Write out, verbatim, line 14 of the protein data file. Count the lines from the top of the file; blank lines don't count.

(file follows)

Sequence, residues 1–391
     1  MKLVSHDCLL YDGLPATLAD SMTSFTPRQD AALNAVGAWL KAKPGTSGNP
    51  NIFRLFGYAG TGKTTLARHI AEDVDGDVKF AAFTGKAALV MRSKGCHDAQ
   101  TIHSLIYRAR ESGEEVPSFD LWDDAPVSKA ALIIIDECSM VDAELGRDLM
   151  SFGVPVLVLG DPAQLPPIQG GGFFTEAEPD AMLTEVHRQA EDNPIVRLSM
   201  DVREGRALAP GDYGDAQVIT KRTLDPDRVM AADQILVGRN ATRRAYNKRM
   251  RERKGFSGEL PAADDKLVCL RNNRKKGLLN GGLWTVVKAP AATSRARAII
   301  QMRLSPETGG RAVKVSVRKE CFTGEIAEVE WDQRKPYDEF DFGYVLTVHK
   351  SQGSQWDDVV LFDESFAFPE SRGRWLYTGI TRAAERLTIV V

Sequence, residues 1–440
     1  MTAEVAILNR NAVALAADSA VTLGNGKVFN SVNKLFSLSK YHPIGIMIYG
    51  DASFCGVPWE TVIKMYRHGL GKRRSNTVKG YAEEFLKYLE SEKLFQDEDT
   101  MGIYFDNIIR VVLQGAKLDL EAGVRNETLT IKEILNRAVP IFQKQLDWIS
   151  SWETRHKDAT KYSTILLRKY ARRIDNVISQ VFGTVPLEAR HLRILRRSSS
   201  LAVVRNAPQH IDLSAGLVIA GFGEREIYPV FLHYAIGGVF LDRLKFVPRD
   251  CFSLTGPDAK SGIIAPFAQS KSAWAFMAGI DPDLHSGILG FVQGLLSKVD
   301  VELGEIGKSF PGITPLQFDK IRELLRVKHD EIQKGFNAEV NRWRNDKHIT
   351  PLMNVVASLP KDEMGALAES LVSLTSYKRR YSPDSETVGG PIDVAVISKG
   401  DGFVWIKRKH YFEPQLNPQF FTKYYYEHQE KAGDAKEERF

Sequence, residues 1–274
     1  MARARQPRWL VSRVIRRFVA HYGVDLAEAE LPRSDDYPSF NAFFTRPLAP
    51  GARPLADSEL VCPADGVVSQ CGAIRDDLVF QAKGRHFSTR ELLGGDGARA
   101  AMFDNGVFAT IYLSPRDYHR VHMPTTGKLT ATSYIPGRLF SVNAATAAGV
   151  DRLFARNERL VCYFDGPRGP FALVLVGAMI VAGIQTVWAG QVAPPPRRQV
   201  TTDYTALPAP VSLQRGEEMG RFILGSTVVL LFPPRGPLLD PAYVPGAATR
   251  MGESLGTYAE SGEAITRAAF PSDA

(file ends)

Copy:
   151  SWETRHKDAT KYSTILLRKY ARRIDNVISQ VFGTVPLEAR HLRILRRSSS